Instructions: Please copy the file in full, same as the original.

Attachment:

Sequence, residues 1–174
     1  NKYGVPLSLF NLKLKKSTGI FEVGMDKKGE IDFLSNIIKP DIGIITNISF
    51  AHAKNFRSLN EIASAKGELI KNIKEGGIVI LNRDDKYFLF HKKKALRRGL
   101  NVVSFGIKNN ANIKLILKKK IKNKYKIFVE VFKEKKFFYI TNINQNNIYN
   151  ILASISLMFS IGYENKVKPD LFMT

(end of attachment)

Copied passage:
Sequence, residues 1–174
     1  NKYGVPLSLF NLKLKKSTGI FEVGMDKKGE IDFLSNIIKP DIGIITNISF
    51  AHAKNFRSLN EIASAKGELI KNIKEGGIVI LNRDDKYFLF HKKKALRRGL
   101  NVVSFGIKNN ANIKLILKKK IKNKYKIFVE VFKEKKFFYI TNINQNNIYN
   151  ILASISLMFS IGYENKVKPD LFMT